October 23, 2011
The majority of regular people create art because they enjoy the creative process and would like to share the beauty they capture in their work with the rest of the world. When we take photographs and share them on Facebook or Twitter, we do not do it because we intend to gain any financial return from it, but because it is fun.
However, due to the way the copyright system works, every single picture we take is automatically protected from the unauthorised use of other people for the entirety of our lifetime plus 70 years after that. While some might argue that having a long period of copyright protection is necessary for investment to be made in some creative industries, it is surely not needed or desired by every single person.
This is detrimental to society because even though we have all these photographs, blog posts, and loads and loads of user generated content, society cannot take advantage of them or use them to build other creative works on top of them. Copyright requires the explicit permission of the author to allow the use of these works for any purpose outside the narrowly defined permitted uses.
The problem with copyright is not the nature of its protection or its duration, but the fact that this protection is granted automatically and does not require any sort of formality for the author to get the full protection.
The people behind the Creative Commons licences acknowledge that creativity does not come from a vacuum and that we are all inspired by the works of others and everything else around us. The Creative Commons provides authors with simple licences that help them indicate to the public that their works are available for everyone to use as long as they fulfil the licence conditions.
These conditions can be used together or independently and include the requirement to attribute the author when using the work, the requirement to use the work only for non-commercial purposes, and the requirement to have the result work licenced under the same licence as the original material.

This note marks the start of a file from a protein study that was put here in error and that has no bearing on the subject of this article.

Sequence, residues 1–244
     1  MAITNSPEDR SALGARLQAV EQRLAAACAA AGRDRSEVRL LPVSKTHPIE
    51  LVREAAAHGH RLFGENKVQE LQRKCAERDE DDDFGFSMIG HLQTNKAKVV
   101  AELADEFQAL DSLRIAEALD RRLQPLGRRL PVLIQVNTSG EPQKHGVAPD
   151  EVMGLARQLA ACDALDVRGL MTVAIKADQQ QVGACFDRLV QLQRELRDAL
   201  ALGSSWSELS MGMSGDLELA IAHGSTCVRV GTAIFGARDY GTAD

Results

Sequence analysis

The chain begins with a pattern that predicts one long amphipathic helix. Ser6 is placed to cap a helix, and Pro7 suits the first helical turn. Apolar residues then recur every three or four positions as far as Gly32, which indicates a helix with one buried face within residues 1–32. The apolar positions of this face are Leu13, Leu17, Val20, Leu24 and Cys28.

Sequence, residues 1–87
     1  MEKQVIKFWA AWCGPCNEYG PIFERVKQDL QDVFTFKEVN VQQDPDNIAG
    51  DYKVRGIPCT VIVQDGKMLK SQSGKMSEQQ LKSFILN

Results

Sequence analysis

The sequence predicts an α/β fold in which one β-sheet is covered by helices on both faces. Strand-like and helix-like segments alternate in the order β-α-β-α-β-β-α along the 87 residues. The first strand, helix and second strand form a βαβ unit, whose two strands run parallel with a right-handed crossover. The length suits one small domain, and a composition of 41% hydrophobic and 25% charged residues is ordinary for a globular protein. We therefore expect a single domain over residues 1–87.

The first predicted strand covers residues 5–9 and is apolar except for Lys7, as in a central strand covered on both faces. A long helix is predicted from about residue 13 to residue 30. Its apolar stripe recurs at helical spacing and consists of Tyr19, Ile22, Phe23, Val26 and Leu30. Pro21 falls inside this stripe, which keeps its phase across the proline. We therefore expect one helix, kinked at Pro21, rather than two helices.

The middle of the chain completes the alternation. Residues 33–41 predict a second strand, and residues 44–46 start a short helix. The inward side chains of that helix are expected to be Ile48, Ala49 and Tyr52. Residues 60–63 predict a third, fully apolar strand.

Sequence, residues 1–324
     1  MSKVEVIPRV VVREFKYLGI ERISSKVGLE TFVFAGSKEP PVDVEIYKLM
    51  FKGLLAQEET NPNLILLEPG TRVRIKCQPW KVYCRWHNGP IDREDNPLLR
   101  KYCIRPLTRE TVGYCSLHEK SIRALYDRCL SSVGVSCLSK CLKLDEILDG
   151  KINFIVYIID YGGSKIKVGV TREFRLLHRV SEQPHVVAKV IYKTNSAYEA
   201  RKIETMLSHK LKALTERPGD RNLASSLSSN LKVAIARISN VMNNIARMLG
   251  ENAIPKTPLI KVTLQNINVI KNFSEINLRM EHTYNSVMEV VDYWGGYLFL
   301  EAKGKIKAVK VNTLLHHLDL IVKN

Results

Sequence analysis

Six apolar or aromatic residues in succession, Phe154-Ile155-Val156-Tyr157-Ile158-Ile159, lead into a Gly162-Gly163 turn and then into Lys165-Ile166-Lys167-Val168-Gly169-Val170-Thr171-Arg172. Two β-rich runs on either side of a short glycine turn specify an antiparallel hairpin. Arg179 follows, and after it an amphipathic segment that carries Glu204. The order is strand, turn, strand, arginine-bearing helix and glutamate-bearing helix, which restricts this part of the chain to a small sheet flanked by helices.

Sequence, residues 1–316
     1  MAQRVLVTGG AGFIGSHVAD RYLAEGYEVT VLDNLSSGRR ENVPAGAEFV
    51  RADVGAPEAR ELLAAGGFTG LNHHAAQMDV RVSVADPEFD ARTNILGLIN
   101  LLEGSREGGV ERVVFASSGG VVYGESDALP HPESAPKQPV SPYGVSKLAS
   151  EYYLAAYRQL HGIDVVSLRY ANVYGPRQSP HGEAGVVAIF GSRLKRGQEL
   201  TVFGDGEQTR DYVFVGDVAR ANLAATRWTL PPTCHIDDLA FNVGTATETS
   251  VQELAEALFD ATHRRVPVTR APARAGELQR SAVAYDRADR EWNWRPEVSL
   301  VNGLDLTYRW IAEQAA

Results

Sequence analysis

Using the Creative Commons licences can make the lives of many people so much easier as teachers can use Creative Commons licenced works in their teaching materials without violating copyright. Students can also use these works easily in their school projects and other works. The Creative Commons therefore promotes a culture of sharing and remixing by encouraging the users of these licensing to put their works out in high quality formats that can be easily reused and remixed.
Some might argue that it is impossible to enforce a Creative Commons licence if you put your work online, as any person from another country may use it without attribution or use it in a commercial work when you explicit prohibit that. But we have to accept that piracy on the Internet is a fact of life and there is no point in mutilating our photographs and other works with huge watermarks and excessive notices when anyone can easily crop them or photoshop the watermark out.
What we need to focus on is giving back the community some of what we have taken, and hopefully other people will follow suit.
Riyadh Abdul Aziz is a blogger interested in the relationship between the web and society who works as a legal researcher for the government of Oman. He is interested in technology, intellectual property, and law. You can e-mail Riyadh at firstname.lastname@example.org